When most people think of burglary, they think of a thief in a black outfit sneaking into someone's home or a museum in the middle of the night. While such activity definitely counts as burglary, the legal definition applies to a much broader range of activities. Though state laws differ slightly in how they categorize burglaries, it is a crime in every state and one that often comes with significant penalties.
What Constitutes Burglary?
A person commits burglary when he enters a building with the intent to commit a crime within. To show that a burglary occurred, a prosecutor must produce evidence on the following points, and convince a jury beyond a reasonable doubt on each of them.
A building or structure
It used to be that burglary laws applied only when someone broke into another person's house or dwelling. Today, the law prohibits anyone from entering into any structure, and not just a home. Many state laws identify the types of structures that count as a building for burglary crimes. They include stores, school buildings, houseboats, trailer homes, and even tents or campsites. Some states also differentiate between burglary of a commercial space and residential burglary, punishing residential burglary more harshly. For residential burglary, the building must be a home, apartment, or some type of building in which a person lives.
The prosecutor must also prove that the accused entered the building illegally or without permission. This means that the building must be either a private one or a public one that was not open or otherwise publicly accessible. Illegal entry also applies to a person who enters a structure that’s open to the public, but with the intent to commit a crime inside—like a person who walks into a store with the intent to steal merchandise. The reasoning is that the owner’s permission has been extended only to those who enter for legitimate purposes; when the thief entered for illegal purposes, that permission did not apply, and the entry became one without permission.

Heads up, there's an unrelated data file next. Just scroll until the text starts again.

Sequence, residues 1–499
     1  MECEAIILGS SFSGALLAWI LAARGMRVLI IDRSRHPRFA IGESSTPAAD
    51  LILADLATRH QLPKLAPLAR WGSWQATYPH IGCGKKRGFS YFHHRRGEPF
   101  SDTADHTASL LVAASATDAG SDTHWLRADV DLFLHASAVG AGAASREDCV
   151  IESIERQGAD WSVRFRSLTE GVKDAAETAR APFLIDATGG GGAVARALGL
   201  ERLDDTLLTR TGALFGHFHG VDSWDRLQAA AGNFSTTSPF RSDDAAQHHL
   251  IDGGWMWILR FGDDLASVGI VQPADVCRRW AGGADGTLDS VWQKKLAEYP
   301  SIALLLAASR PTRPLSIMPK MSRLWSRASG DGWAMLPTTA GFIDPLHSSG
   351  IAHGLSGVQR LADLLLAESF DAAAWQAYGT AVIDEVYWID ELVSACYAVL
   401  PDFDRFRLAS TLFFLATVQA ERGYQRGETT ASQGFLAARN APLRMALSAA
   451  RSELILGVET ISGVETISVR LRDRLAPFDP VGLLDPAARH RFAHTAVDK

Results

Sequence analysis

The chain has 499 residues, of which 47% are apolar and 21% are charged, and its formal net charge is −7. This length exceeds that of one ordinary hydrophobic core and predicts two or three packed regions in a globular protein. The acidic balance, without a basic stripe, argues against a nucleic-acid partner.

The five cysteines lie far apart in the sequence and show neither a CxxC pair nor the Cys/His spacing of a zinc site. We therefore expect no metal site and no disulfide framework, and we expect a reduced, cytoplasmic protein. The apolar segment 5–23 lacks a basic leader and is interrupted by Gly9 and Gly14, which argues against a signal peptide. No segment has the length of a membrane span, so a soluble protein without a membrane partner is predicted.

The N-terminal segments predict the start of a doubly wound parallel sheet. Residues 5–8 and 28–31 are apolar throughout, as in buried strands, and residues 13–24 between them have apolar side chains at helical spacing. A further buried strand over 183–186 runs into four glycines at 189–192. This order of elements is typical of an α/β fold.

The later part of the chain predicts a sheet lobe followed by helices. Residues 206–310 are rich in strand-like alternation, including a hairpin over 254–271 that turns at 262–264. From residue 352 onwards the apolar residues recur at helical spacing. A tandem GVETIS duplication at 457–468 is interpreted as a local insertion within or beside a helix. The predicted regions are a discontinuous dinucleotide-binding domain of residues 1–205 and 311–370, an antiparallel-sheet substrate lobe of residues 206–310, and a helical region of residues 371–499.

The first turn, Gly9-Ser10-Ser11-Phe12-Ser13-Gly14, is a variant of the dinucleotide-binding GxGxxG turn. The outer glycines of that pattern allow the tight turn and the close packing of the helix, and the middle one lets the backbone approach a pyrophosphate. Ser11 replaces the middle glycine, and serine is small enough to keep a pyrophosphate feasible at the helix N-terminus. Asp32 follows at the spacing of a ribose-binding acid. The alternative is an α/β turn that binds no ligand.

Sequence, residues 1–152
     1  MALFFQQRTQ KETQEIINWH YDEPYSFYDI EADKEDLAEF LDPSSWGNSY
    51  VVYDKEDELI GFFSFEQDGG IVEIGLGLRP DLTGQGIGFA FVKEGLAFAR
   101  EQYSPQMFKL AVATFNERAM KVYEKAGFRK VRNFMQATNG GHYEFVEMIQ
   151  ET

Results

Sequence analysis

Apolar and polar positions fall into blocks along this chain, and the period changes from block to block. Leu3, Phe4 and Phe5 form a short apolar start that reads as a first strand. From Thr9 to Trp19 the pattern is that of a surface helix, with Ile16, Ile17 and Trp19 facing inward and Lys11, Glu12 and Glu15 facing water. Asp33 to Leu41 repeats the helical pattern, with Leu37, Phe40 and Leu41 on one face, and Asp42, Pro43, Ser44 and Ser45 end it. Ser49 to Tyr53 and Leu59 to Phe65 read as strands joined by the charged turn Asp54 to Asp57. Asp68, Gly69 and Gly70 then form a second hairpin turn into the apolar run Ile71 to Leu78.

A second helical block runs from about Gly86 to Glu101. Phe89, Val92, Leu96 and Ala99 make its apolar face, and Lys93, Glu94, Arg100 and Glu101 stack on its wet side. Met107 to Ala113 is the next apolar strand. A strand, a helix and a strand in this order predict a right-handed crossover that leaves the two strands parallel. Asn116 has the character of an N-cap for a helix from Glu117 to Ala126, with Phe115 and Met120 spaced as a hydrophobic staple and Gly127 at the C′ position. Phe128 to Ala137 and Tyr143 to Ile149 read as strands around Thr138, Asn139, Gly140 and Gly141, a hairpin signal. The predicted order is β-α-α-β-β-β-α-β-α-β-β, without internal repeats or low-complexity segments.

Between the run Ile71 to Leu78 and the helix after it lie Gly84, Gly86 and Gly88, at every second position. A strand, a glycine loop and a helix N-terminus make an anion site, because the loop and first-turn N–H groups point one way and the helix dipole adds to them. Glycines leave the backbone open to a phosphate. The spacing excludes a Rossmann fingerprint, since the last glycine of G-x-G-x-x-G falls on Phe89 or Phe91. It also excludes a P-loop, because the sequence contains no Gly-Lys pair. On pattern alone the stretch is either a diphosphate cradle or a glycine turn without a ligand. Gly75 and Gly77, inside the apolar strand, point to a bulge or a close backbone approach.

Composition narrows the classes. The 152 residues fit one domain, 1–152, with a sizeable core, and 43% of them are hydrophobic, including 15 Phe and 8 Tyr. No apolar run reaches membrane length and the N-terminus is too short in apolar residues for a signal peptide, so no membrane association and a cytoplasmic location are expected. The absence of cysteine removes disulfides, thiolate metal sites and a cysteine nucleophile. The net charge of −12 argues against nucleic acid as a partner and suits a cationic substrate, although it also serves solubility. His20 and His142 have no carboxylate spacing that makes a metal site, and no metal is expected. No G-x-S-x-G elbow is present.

The crime of burglary also requires that the defendant enter the building. A person’s entire body need not enter—the crime still occurs if the person simply reaches into a building or uses a tool to perform the illegal entry.
Use of force
Burglary in some states also involves “breaking” into the building. Any type of forced entry, no matter how minimal, is enough to satisfy this requirement. For example, it's enough for an accused person to open a door knob or lift an unlocked window to satisfy the use of force requirement. Many states, however, have dispensed with the requirement that the defendant break in; thus, walking freely through a store entrance, intending to steal goods, can be a burglary (see “Illegal entry,” above).
Intent to commit a felony
To convict someone of burglary, a prosecutor must prove that the person entered the building with the intent to commit a felony or a theft. Typically, a person convicted of burglary intends to enter the building in order to steal something, though any felony (and, in some states, misdemeanor thefts) will suffice. This means, for example, that it's still a burglary when a person enters with an intent to steal but later changes his mind. Conversely, entering without the intent to commit a crime, and making that decision after you’ve entered, does not constitute burglary. For example, a guest who comes to a party with no illegal plans, but who sees a piece of artwork in the living room and there and then decides to steal it, has committed theft but not burglary.